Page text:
As a composer my purpose is to bring you into the heart of the story. Music should help to propel the piece of media forward into a part of your brain that will make you remember what you just saw. It is all about making a personal connection to the viewer! Once again, how many times have you had something on in the background while working and have known exactly what is on because of the music that’s playing? Music not only works directly on viewers but can access a subconscious level of the brain to tell them how to feel, what is happening, and can engrain itself into the memory without you even knowing it’s there.

With all of that said I want to help bring your story, your product, your ideas, or anything you want to tell to the forefront of people online and everywhere! I feel very lucky not only to make music and sound as a career but to also have the chance to do it here at Blueforest Studios with some of the most talented, creative, and kind people you’ll find in the business of marketing and video production.

Of course there are some times when trying to create that right piece of music feels like this:

Then an idea comes along and it feels like this:

Finally a music track that fits just right is made and both I and the client I’m working for can sit back and know their video is ready for everyone to see!

Now that I’ve talked your ears off, or I suppose typed your eyes out, feel free to check out this playlist of some various work I’ve done on projects!

I hope you enjoyed what you’ve heard. Thanks for a few moments of your time and I hope to work with you all very soon!

Cheers,

Dustin

(blue)Boost Your Resume

Update January 5, 2017: Thanks for your interest, folks! All our positions are currently full, please check back in a few months to see if there are any new availabilities.

Does working in the video production or marketing industry interest you? Are you wondering what sort of jobs exist in these fields or what local companies have to offer? We’re often approached with inquiries about what kind of jobs exist at Blueforest Studios, and while we aren’t hiring any full-time employees at the moment, we wanted to take a moment to let anyone who’s interested know about what kind of opportunities exist in this market.

Types of Careerstop_internships

Creative Director – This is a vital role in the product development process. Creative directors must have a creative vision and the ability to lead their team of artists. They must also have a head for business and be able to direct activities of the company to maintain a standard of creative excellency, timeliness, and profitability while meeting the clients’ needs.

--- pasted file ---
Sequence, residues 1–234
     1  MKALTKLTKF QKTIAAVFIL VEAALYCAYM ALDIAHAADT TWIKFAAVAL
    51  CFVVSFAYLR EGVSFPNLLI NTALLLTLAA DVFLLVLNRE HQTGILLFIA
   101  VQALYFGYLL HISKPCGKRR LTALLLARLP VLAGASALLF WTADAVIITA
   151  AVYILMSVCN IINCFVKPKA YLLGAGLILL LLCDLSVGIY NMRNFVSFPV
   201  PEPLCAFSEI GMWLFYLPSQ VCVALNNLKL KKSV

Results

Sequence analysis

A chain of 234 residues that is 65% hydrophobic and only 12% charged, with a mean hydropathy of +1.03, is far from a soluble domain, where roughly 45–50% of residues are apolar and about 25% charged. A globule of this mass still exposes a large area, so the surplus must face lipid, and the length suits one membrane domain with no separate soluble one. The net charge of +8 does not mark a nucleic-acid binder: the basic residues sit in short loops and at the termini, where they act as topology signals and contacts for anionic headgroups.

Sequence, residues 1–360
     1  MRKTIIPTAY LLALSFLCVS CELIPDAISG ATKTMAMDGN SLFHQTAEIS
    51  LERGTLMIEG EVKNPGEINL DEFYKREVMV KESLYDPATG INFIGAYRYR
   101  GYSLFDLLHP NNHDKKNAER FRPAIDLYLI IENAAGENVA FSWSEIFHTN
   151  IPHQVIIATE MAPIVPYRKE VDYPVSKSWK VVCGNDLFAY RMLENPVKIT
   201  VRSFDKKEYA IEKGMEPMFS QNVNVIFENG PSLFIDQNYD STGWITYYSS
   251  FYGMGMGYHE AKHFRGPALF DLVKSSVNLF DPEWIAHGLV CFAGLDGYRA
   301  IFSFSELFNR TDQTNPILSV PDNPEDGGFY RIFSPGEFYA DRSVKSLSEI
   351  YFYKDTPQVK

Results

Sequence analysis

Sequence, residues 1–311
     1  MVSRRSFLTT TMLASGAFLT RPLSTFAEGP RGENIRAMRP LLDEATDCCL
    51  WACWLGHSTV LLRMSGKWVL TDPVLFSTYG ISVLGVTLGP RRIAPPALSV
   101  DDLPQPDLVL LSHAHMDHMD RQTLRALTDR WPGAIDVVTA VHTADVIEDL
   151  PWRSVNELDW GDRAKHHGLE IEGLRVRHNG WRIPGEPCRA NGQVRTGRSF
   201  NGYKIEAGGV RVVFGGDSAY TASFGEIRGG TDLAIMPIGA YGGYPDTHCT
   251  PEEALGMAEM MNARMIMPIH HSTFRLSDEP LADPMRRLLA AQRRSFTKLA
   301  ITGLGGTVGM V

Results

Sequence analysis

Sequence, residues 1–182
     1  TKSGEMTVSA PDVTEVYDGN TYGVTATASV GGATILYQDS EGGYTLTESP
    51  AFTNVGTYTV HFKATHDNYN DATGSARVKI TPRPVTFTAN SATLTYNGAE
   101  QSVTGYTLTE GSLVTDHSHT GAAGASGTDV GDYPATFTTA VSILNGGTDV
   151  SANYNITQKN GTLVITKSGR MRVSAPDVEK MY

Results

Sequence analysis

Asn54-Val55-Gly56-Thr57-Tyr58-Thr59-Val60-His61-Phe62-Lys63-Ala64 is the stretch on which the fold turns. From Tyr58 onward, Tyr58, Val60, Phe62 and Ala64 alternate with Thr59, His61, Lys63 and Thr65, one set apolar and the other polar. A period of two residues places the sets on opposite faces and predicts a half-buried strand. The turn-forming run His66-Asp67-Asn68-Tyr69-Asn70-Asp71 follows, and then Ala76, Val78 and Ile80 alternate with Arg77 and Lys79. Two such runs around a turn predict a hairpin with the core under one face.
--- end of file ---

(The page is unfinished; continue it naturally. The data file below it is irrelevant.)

Video Producer – This person coordinates all the different aspects of a video’s production. A video producer works with both clients and the production staff. He or she plans and executes video shoots as well as post-production tasks and sometimes makes key editorial decisions.

Audio Producer – An audio producer must be familiar with the technology and equipment needed to record, mix, and produce sound on videos. This may include adding sound effects, voiceovers, or background music. They may also be responsible for operating audio equipment on shoots.

Illustrator / Animator – This person uses their creative visual skills to communicate a story, message or idea. This could include producing drawings, diagrams, or other images that help make a client’s message more attractive or easier to understand.

Account Executive – An account executive serves as the direct link between a company and its clients. This person builds sales by prospecting for new clients and generates future profits by nurturing existing customer relationships.

Interning at Blueforest Studios

helpWe are not currently accepting additional interns, check back in summer 2017.  These individuals would have the opportunity to learn the ins and outs of working in the respected positions for a video production company.